(4) |

The learned sparsifying transform is a well-conditioned square matrix [4]. is a diagonal majorizing matrix of the Hessian of the regularizer , e.g.,

(5) |

The term is a diagonal matrix with the diagonal entries corresponding to image pixel locations and their values being the number of patches overlapping each pixel [12]. If we assume periodically positioned overlapping image patches that wrap around at image boundaries, then the diagonal entries are equal, i.e., (), where is a scalar. In particular, when the overlap stride is 1, is equal to the image patch size . Therefore, simplifies to:

(6) |

Since is independent of and , we precompute it prior to iterating.

#### Sparse Coding Step

With fixed, we update by solving

(7) |

The optimal sparse codes are given in closed form as , i.e., setting the entries with magnitude less than to zero. The hard-thresholding operator is applied to each entry in a vector as

(8) |

## 4 Experimental Results

We evaluate the proposed PWLS-ST method and compare its image reconstruction quality with those of conventional FBP with a Hanning window, PWLS reconstruction with regularization based on DCT in (1) (PWLS-DCT), and PWLS reconstruction with edge-preserving hyperbola regularization (PWLS-EP). The PWLS-EP reconstruction is optimized using relaxed OS-LALM algorithm [10].

We pre-learned a ST matrix from different slices of an XCAT phantom [13] using (P1). We extracted image patches with overlapping stride of 1 from the five XCAT slices. We ran iterations of the alternating minimization algorithm proposed in [4] to make sure the learned ST is completely converged with , and . Figure 1 shows 2D DCT and the well-conditioned pre-learned ST. Each row of these transforms is displayed as an patch.

We simulated a 2D fan-beam CT scan using a XCAT phantom slice, which is different from the learning slices, and mm. Noisy (Poisson noise) sinograms of size were numerically generated with GE LightSpeed fan-beam geometry corresponding to a monoenergetic source with , , and incident photons per ray and no scatter, respectively. We reconstructed a image with a coarser grid, where mm.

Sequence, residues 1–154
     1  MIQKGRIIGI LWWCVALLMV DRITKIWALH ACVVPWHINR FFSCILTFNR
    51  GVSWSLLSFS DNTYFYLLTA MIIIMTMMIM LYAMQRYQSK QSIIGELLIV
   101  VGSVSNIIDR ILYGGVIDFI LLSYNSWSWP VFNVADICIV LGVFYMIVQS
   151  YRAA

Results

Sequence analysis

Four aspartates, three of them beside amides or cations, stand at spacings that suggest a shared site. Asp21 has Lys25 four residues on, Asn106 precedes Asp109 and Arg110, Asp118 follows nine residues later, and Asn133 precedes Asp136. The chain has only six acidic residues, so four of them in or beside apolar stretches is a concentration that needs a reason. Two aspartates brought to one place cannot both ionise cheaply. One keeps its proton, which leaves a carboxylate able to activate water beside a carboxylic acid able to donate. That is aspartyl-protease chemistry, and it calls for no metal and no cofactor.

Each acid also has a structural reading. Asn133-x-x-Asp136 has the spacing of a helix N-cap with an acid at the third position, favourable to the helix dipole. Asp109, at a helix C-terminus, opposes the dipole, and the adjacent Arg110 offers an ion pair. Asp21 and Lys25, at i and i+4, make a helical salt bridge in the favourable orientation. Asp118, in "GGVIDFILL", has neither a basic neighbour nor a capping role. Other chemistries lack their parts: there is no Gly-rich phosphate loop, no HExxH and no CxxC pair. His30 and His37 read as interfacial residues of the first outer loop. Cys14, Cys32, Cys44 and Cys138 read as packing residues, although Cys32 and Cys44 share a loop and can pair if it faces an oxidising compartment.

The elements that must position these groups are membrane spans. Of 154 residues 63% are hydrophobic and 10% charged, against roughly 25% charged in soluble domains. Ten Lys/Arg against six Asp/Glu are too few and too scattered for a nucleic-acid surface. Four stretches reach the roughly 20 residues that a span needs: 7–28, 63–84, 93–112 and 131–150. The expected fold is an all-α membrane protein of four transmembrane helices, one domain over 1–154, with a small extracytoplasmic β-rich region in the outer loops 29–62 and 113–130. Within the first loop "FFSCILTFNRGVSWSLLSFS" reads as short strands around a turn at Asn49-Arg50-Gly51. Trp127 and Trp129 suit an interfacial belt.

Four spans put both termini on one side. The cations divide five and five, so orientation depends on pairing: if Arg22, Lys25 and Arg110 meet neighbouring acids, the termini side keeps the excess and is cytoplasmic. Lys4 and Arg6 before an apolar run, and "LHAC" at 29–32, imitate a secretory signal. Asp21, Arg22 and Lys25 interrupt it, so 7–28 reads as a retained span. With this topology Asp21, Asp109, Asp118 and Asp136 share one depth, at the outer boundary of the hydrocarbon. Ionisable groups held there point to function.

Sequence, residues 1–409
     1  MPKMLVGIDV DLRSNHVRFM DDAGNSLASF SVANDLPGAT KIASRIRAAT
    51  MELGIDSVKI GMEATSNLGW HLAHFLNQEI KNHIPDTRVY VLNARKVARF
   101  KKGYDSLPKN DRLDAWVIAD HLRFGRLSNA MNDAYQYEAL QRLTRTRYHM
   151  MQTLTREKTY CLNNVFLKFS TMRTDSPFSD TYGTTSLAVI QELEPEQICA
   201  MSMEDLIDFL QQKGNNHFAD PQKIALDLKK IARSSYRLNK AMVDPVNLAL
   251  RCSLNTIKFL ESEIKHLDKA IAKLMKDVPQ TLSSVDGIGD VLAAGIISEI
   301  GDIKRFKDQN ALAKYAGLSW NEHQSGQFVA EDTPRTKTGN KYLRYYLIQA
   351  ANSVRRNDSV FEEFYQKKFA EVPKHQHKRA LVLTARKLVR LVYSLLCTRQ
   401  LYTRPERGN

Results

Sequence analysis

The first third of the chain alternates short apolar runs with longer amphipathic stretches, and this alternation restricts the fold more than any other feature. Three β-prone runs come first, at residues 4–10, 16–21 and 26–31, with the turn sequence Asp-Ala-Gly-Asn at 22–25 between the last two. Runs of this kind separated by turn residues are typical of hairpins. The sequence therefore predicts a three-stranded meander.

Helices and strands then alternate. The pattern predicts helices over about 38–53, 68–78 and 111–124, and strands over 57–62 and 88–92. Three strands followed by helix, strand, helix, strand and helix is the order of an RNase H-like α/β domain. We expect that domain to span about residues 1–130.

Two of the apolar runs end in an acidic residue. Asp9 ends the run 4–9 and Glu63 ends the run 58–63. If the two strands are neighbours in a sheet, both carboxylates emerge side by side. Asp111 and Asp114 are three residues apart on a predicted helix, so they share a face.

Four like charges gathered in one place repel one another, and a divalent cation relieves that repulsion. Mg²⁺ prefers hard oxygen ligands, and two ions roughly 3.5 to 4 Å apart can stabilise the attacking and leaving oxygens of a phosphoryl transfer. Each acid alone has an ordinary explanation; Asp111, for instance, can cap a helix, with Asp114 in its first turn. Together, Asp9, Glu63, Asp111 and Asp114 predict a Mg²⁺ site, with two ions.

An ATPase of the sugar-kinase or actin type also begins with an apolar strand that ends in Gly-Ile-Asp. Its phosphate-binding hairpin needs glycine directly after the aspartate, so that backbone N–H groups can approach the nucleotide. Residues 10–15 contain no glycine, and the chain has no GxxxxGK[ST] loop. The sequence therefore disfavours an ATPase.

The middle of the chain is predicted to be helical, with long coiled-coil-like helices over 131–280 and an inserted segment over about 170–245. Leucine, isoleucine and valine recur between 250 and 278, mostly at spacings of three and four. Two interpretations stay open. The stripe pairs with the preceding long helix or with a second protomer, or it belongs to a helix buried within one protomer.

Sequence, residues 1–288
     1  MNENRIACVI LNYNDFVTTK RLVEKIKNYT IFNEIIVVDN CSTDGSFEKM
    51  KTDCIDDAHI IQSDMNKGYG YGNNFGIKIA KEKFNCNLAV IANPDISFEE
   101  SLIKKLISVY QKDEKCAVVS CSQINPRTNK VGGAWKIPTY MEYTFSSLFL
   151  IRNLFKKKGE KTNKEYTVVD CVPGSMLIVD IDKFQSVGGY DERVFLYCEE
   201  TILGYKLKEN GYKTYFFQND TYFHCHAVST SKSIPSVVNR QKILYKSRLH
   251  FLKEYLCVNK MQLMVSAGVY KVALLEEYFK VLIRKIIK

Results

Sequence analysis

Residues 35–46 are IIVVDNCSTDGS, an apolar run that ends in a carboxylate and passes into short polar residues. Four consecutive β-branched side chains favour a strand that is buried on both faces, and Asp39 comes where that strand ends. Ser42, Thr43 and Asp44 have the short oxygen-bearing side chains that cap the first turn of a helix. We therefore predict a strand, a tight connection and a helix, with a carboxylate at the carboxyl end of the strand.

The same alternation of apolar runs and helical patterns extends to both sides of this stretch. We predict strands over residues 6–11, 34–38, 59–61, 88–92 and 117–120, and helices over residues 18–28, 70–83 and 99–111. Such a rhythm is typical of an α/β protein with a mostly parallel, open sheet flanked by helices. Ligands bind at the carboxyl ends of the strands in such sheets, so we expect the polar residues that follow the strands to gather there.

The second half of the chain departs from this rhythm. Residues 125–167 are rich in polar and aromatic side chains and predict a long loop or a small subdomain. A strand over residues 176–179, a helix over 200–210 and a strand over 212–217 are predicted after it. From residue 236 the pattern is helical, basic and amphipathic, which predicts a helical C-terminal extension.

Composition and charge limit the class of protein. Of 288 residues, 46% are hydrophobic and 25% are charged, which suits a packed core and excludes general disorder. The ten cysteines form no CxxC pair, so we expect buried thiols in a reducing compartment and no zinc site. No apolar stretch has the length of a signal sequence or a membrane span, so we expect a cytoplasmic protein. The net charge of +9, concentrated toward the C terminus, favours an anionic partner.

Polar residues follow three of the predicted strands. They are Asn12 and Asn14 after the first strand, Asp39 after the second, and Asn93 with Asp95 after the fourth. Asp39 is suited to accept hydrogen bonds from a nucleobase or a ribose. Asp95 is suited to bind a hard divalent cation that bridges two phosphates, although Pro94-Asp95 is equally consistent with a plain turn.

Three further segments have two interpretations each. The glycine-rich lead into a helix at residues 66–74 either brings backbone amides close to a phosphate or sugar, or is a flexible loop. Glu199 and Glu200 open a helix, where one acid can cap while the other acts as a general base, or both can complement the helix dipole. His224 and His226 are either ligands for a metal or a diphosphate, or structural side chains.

(a) | (b) |

We computed the root mean square error (RMSE) in modified Hounsfield units (HU) where air is HU. For a reconstructed image , RMSE , where is the ground truth image.

Initialized with FBP reconstructed images, the PWLS-EP method converges quickly using relaxed OS-LALM with subsets. For PWLS-DCT and the proposed PWLS-ST methods, we used the image obtained with the PWLS-EP method as initialization. The parameter and were determined empirically by sweeping over a large range of values. For PWLS-ST, was set as , , and for incident photon intensities of , , and , and the corresponding values for PWLS-DCT were , , and , respectively. In each outer iteration, we ran inner iterations of the image update step with subsets, i.e., , in Algorithm 1. For PWLS-EP, was set as , , and respectively for the four incident photon intensities, and the edge-preserving regularizer is with HU.

Intensity | FBP | PWLS-EP | PWLS-DCT | PWLS-ST |
---|---|---|---|---|

24.8 | ||||

30.6 | ||||

44.2 |

Figure 2(a) shows the reconstructed images by FBP, PWLS-EP, PWLS-DCT and PWLS-ST. When the incident photon intensity is , although the PWLS-EP image has lower RMSE than the PWLS-ST image, the latter has no visible noise. When the incident photon intensities are and , compared with FBP and PWLS-EP, PWLS-ST greatly improves image quality in terms of decreasing noise and retaining small structures. Figure 2(b) shows the difference images (magnitudes) between the PWLS-EP and PWLS-ST reconstructions and the ground truth image, for the three incident photon intensities.